Kontich, Lintfabriek, uitgeverij Stockmans Art Books

Youth houses such as Netwerk (Aalst), Democrazy (Ghent) and Het Lintfabriek (The Ribbon Factory, Kontich) became a huge attraction for lovers of the most diverse ‘alternative music’. This is the American band Fishbone performing at The Ribbon Factory on 20 October 2002.

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Youth Houses

In 1952 the first youth house opened its doors in the Paleisstraat in Antwerp. Comparable initiatives followed. Youth houses were a way of reaching young people who did not belong to a youth movement. They also owed their success to the ‘Dance Act’ of 1960: it denied minors entry to dancehalls, but not to parties in youth houses. Socialists, Liberals and Catholics all had their own youth house federation.

Because more young people went to school for longer and more and more frequently found a place in the universities and colleges, the youth phase lasted longer. In the 1960s teenagers and twenty-somethings formed separate age-groups between childhood and adulthood, associated with bolshiness and experimentation. Outwards signs of that rebelliousness were, for example, clothing and hairdos, with which people rebelled against the bourgeois codes of the time: neatness, discipline, self-restraint, a strict distinction between boys and girls…

From the 1970s many youth houses followed the depillarisation trend and went their own way. They became more professional and more independent. Young people spent their own free time there as they wanted to, with parties and performances, films and discussion evenings with friends. The 534 recognised youth houses that exist in Flanders today, have become centres of independent youth culture.

Leuven, KADOC-KU Leuven. Affichecollectie. KCA522

The Catholic church tried to shield the faithful from the ‘bad press’, undated.

Schoone menschen.
Leuven, KADOC-KU Leuven. kca000522

Young Christian Workers, youth movement and social movement.

Een vakantiekamp van de Preventieve Luchtkuren van de Christelijke Mutualiteit – het latere Kazou – in het Zwitserse Melchtal.
Leuven, KADOC-KU Leuven. kfa004760

A holiday camp run by the Christian Health Insurance Fund in Melchtal in Switzerland.

Leuven, KADOC-KU Leuven. KFA001454

The inauguration of the Cardijnlaan in Hansbeke near Deinze, in 1972. In Flanders no less than 107 streets and squares were named after Cardijn.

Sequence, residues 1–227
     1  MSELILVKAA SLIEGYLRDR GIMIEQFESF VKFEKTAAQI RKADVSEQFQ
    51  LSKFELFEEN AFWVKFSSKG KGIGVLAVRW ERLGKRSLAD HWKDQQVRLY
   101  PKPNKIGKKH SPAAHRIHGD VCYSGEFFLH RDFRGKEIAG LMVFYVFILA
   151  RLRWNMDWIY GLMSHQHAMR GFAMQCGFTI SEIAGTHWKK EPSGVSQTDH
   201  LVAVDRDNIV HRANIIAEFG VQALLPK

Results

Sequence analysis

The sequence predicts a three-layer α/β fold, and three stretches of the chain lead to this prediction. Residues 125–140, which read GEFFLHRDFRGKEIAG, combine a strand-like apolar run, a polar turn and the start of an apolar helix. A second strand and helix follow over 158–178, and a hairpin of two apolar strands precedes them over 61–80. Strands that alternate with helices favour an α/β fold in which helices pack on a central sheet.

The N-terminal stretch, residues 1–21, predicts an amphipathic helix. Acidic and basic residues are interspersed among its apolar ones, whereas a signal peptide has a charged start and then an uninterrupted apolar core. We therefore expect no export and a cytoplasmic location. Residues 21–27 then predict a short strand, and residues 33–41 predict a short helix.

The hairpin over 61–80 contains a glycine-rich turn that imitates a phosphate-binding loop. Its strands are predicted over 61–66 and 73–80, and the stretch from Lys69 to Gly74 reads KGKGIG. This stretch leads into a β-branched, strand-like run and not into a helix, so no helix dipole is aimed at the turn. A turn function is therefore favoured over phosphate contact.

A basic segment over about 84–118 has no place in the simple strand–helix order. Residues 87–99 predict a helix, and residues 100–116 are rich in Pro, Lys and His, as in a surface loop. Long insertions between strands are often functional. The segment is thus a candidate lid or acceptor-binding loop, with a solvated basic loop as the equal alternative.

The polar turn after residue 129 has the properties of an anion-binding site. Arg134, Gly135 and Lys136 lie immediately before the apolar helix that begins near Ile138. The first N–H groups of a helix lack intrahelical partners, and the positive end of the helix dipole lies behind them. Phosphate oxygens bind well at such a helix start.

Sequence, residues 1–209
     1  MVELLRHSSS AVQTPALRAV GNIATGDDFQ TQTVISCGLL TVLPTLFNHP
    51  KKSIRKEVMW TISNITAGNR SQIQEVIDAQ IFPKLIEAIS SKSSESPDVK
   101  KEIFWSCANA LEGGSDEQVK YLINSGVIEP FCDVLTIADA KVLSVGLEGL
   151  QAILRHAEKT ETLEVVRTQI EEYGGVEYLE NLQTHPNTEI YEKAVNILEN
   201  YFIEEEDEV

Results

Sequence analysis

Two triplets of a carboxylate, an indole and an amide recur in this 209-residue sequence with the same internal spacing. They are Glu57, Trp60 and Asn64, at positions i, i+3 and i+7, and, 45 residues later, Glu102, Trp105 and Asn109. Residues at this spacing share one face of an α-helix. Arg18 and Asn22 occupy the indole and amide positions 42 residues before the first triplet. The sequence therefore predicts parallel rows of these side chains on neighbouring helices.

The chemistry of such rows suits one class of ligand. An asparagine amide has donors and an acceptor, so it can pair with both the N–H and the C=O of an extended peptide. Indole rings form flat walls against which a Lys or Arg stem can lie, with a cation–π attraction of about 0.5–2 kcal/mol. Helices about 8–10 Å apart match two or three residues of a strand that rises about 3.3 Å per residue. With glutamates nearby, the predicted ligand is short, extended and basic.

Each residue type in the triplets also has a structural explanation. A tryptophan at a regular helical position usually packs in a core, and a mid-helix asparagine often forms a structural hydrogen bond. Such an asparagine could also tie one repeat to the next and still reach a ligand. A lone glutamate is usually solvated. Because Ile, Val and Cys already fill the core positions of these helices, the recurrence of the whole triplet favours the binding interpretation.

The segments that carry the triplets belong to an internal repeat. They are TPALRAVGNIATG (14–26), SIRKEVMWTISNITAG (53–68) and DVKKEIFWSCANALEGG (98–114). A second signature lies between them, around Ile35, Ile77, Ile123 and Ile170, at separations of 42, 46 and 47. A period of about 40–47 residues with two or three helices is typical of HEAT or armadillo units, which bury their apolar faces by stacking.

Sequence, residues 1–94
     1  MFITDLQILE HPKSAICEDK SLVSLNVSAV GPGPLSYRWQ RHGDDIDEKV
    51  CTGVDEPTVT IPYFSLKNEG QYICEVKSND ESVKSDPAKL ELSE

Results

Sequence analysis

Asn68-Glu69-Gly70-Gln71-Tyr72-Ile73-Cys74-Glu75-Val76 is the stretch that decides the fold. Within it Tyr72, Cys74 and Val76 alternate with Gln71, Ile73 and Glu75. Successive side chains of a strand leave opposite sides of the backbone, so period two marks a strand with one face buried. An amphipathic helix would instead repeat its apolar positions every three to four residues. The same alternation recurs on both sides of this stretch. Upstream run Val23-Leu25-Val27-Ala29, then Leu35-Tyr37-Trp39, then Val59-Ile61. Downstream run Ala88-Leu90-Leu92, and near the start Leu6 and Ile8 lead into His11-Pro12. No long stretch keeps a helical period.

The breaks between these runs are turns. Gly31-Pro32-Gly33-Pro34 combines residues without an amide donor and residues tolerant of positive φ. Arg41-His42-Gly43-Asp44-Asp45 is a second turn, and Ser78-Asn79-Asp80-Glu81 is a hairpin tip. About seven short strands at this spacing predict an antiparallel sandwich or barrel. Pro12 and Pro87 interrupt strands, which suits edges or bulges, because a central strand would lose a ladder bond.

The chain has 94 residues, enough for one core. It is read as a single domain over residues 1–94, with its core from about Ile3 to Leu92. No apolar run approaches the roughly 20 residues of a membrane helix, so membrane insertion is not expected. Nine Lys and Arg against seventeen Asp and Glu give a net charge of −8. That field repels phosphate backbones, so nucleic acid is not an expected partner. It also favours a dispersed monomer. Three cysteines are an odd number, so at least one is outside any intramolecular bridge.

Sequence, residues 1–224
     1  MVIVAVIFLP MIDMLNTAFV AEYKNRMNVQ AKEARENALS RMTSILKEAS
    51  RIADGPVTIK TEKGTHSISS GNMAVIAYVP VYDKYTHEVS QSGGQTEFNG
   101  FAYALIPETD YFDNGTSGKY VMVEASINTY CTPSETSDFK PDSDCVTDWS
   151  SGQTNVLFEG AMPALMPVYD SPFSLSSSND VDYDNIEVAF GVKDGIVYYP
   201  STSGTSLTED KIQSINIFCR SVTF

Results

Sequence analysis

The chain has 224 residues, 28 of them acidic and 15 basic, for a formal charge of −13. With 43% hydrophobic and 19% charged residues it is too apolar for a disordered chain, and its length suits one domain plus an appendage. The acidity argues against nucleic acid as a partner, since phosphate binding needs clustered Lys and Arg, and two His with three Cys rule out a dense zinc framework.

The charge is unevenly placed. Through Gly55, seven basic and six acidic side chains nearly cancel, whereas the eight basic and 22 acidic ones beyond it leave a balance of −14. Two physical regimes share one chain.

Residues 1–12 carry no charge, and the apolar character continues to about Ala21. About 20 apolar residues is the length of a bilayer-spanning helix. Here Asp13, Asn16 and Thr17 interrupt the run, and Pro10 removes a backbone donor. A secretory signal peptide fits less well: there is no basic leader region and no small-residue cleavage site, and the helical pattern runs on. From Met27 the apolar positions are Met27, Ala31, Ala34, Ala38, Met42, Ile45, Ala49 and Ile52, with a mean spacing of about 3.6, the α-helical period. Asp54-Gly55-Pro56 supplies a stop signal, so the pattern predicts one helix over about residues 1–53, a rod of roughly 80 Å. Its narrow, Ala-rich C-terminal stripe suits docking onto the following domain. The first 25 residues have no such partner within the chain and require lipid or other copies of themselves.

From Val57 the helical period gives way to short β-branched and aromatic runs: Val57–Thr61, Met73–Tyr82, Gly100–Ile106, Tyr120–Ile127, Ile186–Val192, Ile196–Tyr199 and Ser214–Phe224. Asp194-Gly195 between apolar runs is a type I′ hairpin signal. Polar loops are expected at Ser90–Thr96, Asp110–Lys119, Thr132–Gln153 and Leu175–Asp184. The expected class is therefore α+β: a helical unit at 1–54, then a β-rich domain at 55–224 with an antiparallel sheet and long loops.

Ghent, Amsab-ISG

Not all youth movements originated in Catholic initiatives. The Youth Association for Nature Study and Environmental Protection began in 1983.

Jente Van Pelt

The various scouting groups, including Scouts and Guides Flanders (originally Christian-inspired) and FOS Open Scouting (actively pluralist and free-thinking), are strongly represented in Flanders.

Discover more on this topic

Histories – Jozef Cardijn

Bron: VRT archief, AMSAB, KADOC, Rijksarchief in België – 11 mei 1999


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Ludion, 1994. 

Cardijn. Een mens, een beweging

KADOC Jaarboek, 1982. 

Alaerts Leen
Door eigen werk sterk. Geschiedenis van de kajotters en de kajotsters in Vlaanderen, 1924-1967

KADOC, 2004. 

Billiet Jaak (red.)
Tussen bescherming en verovering. Sociologen en historici over zuilvorming

UPL, 1988.

Gerard Emmanuel (red.)
De christelijke arbeidersbeweging in België

2 dln., UPL, 1991. 

Huyse Luc
De verzuiling voorbij

Kritak, 1987. 

Knuts Stijn, De Ceuninck Koenraad & Reynaert Herwig
Het volk in beweging. Beweging voor het volk: 125 jaar ACW Gent-Eeklo

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Het Vlaamse platteland in de fifties

Davidsfonds Uitgeverij, 2012. 

Van Haver Jozef
Voor u, beminde gelovigen: het Rijke Roomse leven in Vlaanderen 1920-1950

Lannoo, 1993. 

Van Leeuw Claire
Cardijn en de KAJ een wereld in beweging

Uitgeverij Averbode, 2017. 

Van Molle Leen
Ieder voor allen. De Belgische Boerenbond 1890-1990

LUP, 1990. 


Durnez Gaston
Een mens is maar een wandelaar

Davidsfonds Uitgeverij, 2018. 

Durnez Gaston
De bolhoed van mijn vader: herinneringen uit de kersentijd

Polis, 2015. 

Nu kijken

Bekijk een interview met Jozef Cardijn door Joos Florquin


Bekijk een kort portret van Jozef Cardijn
Histories – Jozef Cardijn, 1882 – 1967, Kardinaal Van De Arbeiders